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Rethinking the Chilean Model

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Since its inception in 1981, many the world over have lavished praise upon Chile’s privatized pension system, citing it as an example to follow. President George Bush proposed reforming U.S. Social Security along the same lines as Chile, and is reportedly being advised on the matter by Jose Pinera, Chile’s labor minister between 1978 and 1980 and architect of the privatized pension system. Pinera is also the founder of the International Center for Pension Reform.

But even as the Chilean model has galvanized nations over the past two decades to jump on the privatization bandwagon, and proponents say it has been a boon to both the Chilean economy and the country’s population, the system has been sharply criticized in recent years, and many have highlighted certain flaws in the model they say need to be rectified.

In fact, during the presidential election that took place in Chile last December, both candidates–the center-left contender Michelle Bachelet (who won) and the right-wing Sebastian Pinera (who is the brother of Jose Pinera)–agreed upon the need to reform the Chilean pension system, and bring about what’s been labeled a “Chile II,” a model that would aim to be more equitable and rectify the flaws in the current system. In Chile today, the overhaul of the pension system is a top item on the political agenda. While details are yet to be ironed out, the need for greater government intervention is at the center of discussions, and the Chilean authorities are working with agencies like the International Labor Organization to decide how best this can be achieved.

The Chilean pension system that was introduced in 1981, Pinera has written, was revolutionary in that it marked a “privatization from below.” The model put workers in charge of their own retirement finances: They did not have payroll taxes, but instead contributed 10%-12% of their pre-tax wages to a privately managed retirement account. In return, salaried workers were and still are eligible for a pension amounting to 70% of their working income, assuming a 4% return on investment, which has been exceeded.

From the mid-1980s to the mid-1990s, the increase in personal savings through the private retirement accounts translated into a dramatic rise in the domestic savings rate in Chile, a country where pension reform was sorely needed. As they saw the Chilean economy grow, governments in neighboring South American nations sought to follow the same path, while institutions like the World Bank and the International Monetary Fund advocated privatized pension systems as an integral component for countries moving toward a market model.

“By increasing savings and improving the functioning of both the capital and the labor markets, this reform has been the single most important structural change that has contributed to the doubling of the growth rate of the economy in the 1985-1997 period,” Pinera wrote about pension reform in a paper entitled “Empowering Workers: The Privatization of Social Security in Chile.”

But while Chile’s domestic savings rate did undeniably grow, the privatized system as it now stands is not sustainable, say experts like Alejandro Bonilla-Garcia, of the Geneva, Switzerland-based International Social Security Association (ISSA). The system is based upon the assumption that workers will keep paying for most of their working lives, but it does not account for the many people that are not contributing at all, he says.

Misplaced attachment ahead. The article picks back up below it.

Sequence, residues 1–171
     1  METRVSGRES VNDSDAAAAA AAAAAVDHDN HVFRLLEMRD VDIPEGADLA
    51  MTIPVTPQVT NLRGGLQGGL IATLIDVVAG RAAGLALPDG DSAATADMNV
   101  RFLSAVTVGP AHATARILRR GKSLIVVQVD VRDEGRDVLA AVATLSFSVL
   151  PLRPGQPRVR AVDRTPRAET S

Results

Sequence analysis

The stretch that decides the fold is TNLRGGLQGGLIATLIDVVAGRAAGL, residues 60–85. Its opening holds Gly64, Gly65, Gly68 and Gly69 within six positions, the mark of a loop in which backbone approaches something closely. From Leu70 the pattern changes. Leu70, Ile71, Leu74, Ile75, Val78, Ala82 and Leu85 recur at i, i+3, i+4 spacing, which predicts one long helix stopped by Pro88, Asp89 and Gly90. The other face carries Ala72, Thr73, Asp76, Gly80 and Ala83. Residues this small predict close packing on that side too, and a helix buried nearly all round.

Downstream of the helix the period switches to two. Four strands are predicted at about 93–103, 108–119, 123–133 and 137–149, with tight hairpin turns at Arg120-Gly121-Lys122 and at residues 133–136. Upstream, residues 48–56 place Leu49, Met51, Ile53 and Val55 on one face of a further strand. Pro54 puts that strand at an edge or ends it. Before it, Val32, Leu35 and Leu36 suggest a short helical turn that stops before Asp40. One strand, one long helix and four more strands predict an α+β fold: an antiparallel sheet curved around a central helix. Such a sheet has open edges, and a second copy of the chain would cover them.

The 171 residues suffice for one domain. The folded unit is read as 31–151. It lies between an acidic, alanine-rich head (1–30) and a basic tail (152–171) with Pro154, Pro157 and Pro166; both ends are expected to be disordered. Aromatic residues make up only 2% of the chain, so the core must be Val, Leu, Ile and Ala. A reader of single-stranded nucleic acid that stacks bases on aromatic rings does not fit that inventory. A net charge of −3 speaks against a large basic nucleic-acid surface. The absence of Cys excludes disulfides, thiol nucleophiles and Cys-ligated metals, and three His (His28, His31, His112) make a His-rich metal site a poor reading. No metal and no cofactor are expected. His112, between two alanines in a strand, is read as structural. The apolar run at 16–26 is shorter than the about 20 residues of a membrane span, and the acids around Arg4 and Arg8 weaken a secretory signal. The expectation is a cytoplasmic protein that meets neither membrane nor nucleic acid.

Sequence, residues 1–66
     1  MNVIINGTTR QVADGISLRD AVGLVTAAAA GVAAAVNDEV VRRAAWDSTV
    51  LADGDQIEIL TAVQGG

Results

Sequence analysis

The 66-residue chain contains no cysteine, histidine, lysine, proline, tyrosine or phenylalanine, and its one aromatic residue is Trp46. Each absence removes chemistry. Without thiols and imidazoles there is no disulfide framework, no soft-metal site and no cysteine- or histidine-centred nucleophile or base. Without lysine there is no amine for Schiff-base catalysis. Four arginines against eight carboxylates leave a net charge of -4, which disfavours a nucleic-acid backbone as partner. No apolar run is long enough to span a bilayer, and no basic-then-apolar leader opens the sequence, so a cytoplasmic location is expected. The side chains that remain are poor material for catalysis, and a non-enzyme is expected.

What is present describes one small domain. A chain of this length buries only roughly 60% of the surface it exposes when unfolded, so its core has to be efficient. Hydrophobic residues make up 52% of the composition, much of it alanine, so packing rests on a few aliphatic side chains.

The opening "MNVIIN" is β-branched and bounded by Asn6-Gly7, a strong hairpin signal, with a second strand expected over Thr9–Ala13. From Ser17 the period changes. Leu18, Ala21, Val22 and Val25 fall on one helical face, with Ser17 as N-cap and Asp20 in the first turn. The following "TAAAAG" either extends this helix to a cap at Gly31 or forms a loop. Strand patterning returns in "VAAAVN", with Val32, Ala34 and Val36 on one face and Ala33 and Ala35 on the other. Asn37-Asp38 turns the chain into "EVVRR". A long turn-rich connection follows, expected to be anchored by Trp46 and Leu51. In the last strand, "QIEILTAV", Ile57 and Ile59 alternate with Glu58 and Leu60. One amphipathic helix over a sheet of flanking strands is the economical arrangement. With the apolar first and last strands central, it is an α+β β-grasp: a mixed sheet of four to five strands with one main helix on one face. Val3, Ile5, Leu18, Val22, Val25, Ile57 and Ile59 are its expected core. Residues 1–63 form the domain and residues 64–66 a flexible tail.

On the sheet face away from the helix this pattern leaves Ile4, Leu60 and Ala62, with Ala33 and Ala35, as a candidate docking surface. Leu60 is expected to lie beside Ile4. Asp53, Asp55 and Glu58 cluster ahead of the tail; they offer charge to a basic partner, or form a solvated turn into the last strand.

Indeed, recent studies have shown that two-thirds of Chileans will not have sufficient pension savings for their retirement, Bonilla-Garcia says. Self-employed persons, for whom contributions are not mandatory, will have nowhere to turn, while women with family responsibilities (whose salaries are already lower than their male counterparts) have large gaps in their contributions. Soon, many will be turning toward the government, which does provide a safety net for those who do not have sufficient pension accounts. The number of claims, though, is going to be too large for the Chilean government to support, Bonilla-Garcia says, and this is why there is now a move toward reforming the system.

Of course, in many countries of the world, notably the U.S., the bent toward a fully privatized pension system is still very strong (even though it’s pretty much understood that there will be no changes made to Social Security for the rest of Bush’s tenure), and this is a topic of discussion that is not about to be exhausted any time soon.

Yet the Chilean example casts a new light on the public vs. private debate, and according to experts like Bonilla-Garcia, highlights the need for people to think again about both working together in order to bring about a system that ensures that citizens of a country are better equipped for their financial future.

“The conditions of retirement finance need to adapt themselves to how a person’s life changes, they have to consider the life cycle,” says Bonilla-Garcia. “A professional, a laborer, and a sailor all have life cycles and all earn differently. There needs to be some acknowledgement of the fact that not everyone can save from what they earn, that many just need their wages to get by.”

Governmental backing can provide a solid backbone for a properly privatized retirement savings system, Bonilla-Garcia says. The idea of a social safety net is something all countries, even the U.S., should keep in mind, he says, even as they attempt to also provide a good legislative and regulatory framework to support some of the private savings models that have come into being over the past years, and foster the development of new ones.

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